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(RNS) Catholics may have invented the concept of excommunication, but they're not the only religious group to discipline or sideline members who stray from the official party line.

17 Comments

  1. The LDS church still excommunicates many members annually for sins usually having to with marital infidelity for active members who have been through the temple.

    • It’s true. Most excommunications in the LDS church are done privately, and often fellow Mormons are not even aware that one of their peers has been excommunicated. The current cases are exceptions rather than the rule, as the two went to the press with their letters to try to manipulate the story. I say manipulate, because Kate Kelly has been very dishonest about her own disciplinary hearing, yet knows the LDS church likely won’t publicly respond.

  2. Excommunication is a gift.
    Throw yourself a party! You have been excused from bothering with a long and painful heritage of self-doubt and second guessing.

    Excommunication should be enjoyed – give the religious what they deserve:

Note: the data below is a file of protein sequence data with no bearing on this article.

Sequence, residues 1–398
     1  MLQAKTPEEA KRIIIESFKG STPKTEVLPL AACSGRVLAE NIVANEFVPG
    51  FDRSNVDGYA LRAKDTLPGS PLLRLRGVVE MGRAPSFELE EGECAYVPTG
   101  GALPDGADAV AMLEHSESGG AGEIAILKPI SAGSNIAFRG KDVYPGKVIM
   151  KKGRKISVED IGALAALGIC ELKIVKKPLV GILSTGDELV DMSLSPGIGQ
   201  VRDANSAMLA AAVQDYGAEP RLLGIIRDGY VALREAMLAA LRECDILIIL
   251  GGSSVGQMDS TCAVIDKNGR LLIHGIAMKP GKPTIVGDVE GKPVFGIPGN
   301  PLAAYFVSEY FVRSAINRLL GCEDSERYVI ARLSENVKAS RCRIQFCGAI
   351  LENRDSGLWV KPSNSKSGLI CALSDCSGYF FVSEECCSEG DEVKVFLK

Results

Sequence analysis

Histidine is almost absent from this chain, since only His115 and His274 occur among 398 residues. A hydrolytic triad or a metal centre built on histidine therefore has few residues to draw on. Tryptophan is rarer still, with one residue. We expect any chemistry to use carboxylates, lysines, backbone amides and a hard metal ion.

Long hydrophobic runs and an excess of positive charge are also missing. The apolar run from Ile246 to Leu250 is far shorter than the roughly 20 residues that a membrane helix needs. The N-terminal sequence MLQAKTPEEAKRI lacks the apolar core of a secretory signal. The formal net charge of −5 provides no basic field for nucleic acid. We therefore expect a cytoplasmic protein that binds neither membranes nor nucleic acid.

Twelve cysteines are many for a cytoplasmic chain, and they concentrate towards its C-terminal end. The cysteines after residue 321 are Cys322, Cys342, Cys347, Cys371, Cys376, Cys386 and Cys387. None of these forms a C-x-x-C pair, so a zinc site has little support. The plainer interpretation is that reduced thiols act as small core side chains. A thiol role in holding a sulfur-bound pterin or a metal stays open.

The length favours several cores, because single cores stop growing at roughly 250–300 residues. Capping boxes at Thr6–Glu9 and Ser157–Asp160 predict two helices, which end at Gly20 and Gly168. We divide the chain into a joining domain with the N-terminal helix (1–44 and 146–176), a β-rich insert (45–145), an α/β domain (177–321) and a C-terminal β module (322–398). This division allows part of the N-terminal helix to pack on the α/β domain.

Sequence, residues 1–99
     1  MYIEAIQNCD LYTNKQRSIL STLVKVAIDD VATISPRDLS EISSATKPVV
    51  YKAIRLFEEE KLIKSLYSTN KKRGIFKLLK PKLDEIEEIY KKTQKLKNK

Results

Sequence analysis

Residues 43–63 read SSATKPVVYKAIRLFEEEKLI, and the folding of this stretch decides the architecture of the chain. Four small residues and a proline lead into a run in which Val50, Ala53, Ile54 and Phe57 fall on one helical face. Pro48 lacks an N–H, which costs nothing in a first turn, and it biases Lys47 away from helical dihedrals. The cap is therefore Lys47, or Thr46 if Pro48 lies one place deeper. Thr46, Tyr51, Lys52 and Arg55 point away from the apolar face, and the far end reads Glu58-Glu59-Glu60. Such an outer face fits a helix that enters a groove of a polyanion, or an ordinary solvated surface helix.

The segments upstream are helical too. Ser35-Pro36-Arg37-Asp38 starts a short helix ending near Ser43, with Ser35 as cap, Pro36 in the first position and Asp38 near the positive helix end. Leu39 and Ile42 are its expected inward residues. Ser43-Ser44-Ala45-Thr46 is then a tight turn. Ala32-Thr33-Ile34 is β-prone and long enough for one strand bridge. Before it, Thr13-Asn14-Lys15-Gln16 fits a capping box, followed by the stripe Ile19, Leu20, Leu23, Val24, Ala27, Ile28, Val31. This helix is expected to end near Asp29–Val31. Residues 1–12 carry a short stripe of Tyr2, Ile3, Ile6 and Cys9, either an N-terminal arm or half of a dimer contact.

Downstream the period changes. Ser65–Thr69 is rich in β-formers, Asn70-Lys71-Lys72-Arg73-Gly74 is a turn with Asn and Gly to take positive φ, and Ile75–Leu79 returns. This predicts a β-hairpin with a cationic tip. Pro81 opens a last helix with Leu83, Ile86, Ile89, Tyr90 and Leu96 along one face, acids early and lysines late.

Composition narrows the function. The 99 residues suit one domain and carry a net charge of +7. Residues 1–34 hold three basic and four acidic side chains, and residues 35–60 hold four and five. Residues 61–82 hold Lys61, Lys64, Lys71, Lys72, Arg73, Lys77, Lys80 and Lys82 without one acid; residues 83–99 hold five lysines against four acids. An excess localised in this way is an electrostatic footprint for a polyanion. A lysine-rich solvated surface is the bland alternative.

“Happiness is the best revenge” – Oscar Wilde

    • You seem to think Oscar Wilde was ezxcommunicated. Exactly to the contrary, he converted to Catholicism (and presumably thereby attained the greatest happiness he had ever experienced).

  3. Actually apostasy is not punishable by excommunication in the catholic. Neither is attacking the pope. Abortion incurs a latae sentientae excommunication but that practically changes little to the individual as abortion is mortal sin and you could not receive sacraments in that case either. Also excommunication and mortal sin don’t preclude an individual from receiving reconciliation, confession, otherwise they could not be restored to the church. Latae sentientae excommunications have been debated because there are probably some practicing and faithful Catholics who have accidentally incurred this type of excommunication without knowing it. The real purpose of excommunication is to prevent an individual from falsely participating in the sacramental life of the church when their beliefs and actions are counter to church teachings. This is in and of itself sin as receiving sacraments in a state of mortal sin is a sin and also to be clear on church teaching.

  4. The Catholics did not “invent” excommunication. The Jews invented it many centuries before Christ, who commanded the first Catholics to continue the Jewish tradition.

  1. […] “Excommunication” has become a buzz-word as of late. The Cultural Hall’s own Richie Steadman talks with Russell Stevenson about the history of LDS excommunication here, George Pyle of the Salt Lake Tribune looks at all the pieces of news mentioning it here, and “The ‘Splainer,” Kimberly Winston from Religion News Service, attempts to ‘splain the current events revolving the LDS Church and our disciplinary councils here. […]

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